Increasing life expectancy means that “retirement savings will have to last longer” for those already retired or who are coming up on retirement, although the trend toward working longer may partly offset that impact, according to an analysis by the Urban Institute.
The study also underscored how other trends are reshaping retirement, summing up the overall picture in this way: “Forty-eight million Americans were age 65 and older in 2015, 18 percent more than just five years earlier . . . In 2010, there were 0.25 adults age 65 and older for every adult ages 25 to 65. By 2060, that ratio will nearly double to 0.48.”
The growing burden on the working younger people to fund Social Security, Medicare and other programs for older persons “could shrink somewhat, however, if older adults retired later.”
That is happening: “Between 1994 and 2014, the share of men participating in the labor force–those working or looking for work–increased from 45 to 56 percent at ages 62 to 64 and from 27 to 36 percent at ages 65 to 69. Over the same period, the share of women participating in the labor force increased from 33 to 45 percent at ages 62 to 64 and from 18 to 28 percent at ages 65 to 69,” it said.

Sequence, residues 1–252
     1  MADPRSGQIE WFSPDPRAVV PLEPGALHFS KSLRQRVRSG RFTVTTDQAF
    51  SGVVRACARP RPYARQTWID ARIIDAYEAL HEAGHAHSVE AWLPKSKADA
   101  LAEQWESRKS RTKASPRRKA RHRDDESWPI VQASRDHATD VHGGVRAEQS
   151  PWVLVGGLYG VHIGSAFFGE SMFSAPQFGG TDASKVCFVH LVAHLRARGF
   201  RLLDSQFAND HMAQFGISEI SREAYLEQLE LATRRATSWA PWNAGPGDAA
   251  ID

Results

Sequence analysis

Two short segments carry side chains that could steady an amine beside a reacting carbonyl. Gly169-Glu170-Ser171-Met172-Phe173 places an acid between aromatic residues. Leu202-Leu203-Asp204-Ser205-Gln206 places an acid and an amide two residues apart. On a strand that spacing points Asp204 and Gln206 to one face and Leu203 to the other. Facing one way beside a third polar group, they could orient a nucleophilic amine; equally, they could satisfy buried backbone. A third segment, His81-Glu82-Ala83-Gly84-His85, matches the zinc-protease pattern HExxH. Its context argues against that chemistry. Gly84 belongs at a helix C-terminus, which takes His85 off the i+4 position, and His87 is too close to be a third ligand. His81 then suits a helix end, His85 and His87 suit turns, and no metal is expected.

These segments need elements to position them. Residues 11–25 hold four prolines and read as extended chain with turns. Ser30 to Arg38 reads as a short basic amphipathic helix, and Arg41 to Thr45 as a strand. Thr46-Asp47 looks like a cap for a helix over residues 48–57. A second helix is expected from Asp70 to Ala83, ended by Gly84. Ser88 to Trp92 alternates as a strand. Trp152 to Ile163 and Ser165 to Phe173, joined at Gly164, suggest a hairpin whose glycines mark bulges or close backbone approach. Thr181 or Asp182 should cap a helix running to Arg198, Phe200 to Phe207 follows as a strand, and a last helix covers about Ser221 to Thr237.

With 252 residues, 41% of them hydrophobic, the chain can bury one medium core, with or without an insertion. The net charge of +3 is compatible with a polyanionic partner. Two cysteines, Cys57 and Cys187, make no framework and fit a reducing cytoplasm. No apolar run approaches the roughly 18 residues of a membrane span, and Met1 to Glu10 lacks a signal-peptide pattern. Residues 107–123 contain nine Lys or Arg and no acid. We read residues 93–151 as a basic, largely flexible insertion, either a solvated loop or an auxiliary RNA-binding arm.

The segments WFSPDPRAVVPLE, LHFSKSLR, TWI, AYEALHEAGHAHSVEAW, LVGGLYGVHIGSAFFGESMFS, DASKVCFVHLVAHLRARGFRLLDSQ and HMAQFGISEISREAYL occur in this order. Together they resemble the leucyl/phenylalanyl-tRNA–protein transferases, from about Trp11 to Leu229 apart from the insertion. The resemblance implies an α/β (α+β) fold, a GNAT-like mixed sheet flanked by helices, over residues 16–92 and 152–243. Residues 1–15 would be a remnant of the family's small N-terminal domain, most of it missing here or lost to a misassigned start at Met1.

Helping make it possible, it said, are two other trends: the rising educational levels of those age 65 and older and the improved health of those persons, compared with the past.
A person’s education level “matters at older ages, because better-educated people tend to earn more over their lifetimes, accumulate more wealth, and experience fewer health problems than people with less education.” They also tend to be in less physically demanding jobs, in which working remains possible even at older ages.
Better health can allow people to work longer as well, it said, although it added that the overall improvement in health has moderated in recent times due to factors such as increased rates of diabetes.